Agriculture students offer traditional holiday experience with poinsettia sale

Dec. 3—Packed onto sliding tables in the Greenhouse Learning Center at Oklahoma State University, 2,000 poinsettias nestled together, ready for the annual Poinsettia Sale.

Alexis Hise, a senior Agriculture Education major at OSU, points to the remaining poinsettia plants — only a tiny fraction of the poinsettias from the sale that started on Thursday and ended Friday.

Hise is taking a Greenhouse Management class, and caring for the poinsettias was a part of the requirements for the class.

Four groups of four or five students each were responsible for caring for all of the poinsettias — including planting them from cuttings in August, mixing the fertilizer themselves and maintaining heat, light and soil, besides protecting them from insects.

"We watered them twice a day," Hise said. "One group watered them in the morning, then at 2 p.m. someone else would come in."

She said they had a group message and would take turns helping each other, subbing when needed to make sure the plants were cared for.

As part of the class, the students also grew dianthus (perennial), shasta daisies (perennial), lavender (perennial), ornamental kale, and ornamental peppers this year.

Dr. Bruce Dunn, Professor of Floriculture at OSU, said this year was as successful as last year. This year was the 32nd sale, and he's been a part of the sale for thirteen of those years.

The sale usually starts at 7:30 a.m. on the Thursday after Thanksgiving, and by the end of that day, 80 percent of the poinsettias are typically gone, said Dunn.

People arrive early, eager to buy their flowers and begin the holiday season. One woman even arrived at 4 a.m.

"It's good to see a lot of interest in the community for the sale," Dunn said. "People tell us it's one of those things that really kicks off their Christmas season. It's tradition."

The class not only helps the students learn how to manage the care of the plants — seeing the process from the beginning — but it also helps them learn about selling and working with customers.

"We convert the class to a store," Dunn said. "We want to be a full-service, quality business. We even sack them up in sleeves to protect them from the wind and help carry them to the car."

Last year, the sale generated around $12,000, with roughly half going toward paying for this year's crop expenses and the other half used for student scholarships and supporting the departmental teaching program.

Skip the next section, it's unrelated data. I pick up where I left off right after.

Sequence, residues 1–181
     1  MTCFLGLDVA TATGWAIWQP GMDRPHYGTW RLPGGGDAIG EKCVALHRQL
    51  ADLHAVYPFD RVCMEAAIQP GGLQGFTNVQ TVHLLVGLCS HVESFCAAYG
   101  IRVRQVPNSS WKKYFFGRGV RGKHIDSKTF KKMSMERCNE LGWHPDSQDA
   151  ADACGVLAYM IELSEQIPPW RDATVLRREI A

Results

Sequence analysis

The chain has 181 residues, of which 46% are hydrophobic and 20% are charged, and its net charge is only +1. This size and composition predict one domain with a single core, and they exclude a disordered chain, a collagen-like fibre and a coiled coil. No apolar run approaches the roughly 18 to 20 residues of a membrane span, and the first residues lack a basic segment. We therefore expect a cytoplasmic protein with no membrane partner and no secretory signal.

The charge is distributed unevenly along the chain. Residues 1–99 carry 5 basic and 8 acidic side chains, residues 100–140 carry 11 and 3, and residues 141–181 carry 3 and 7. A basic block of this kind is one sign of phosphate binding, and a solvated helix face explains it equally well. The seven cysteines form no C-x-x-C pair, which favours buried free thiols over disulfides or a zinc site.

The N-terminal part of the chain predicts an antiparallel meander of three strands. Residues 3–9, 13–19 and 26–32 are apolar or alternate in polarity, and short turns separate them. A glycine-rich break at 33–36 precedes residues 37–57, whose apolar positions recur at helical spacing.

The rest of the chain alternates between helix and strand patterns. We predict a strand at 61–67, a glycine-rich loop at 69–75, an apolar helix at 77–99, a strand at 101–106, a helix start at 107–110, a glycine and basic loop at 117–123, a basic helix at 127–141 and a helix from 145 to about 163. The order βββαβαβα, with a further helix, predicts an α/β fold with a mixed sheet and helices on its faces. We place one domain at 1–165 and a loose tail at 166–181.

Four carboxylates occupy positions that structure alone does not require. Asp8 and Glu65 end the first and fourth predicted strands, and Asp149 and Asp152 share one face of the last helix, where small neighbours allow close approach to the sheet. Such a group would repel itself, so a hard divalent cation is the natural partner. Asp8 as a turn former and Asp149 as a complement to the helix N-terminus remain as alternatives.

Dunn says the event has become a socializing event for the community. Groups of shoppers come together to buy poinsettias, marking the beginning of the holiday season. Many local businesses place large orders, including the Bill Knight Ford dealership, Cockrell Eyecare Center, Great Plains National Bank and RE/MAX.

But some customers come just to be with friends and family.

"One lady came because she said it reminded her of memories with her brother," Dunn said.

Half of the cultivars (plants) this year were the traditional "Winter Rose," (red), but other colors were planted, with names like "Orange Glow," "Enduring Marble," "Ice Crystal," "Jingle Bells," "Tapestry" and "Alaska." The sizes grown were elfin (4.5" desk size), deluxe (6" standard table size) and specimen (8" display size).

Dunn tells the students that the previous class sets the stage for the next year's crop. They focus especially on water, nutrients and spacing.

"People will tell (the students) if the plants are not as good as last year," Dunn said. "We try not to plant too many, to give each one the adequate space to grow."

Dunn said their goal was to make enough money for next year's crop, but he said they will continue to hold the sale.

"We're very appreciative of the community coming out and supporting the students so they can do it next year," Dunn said.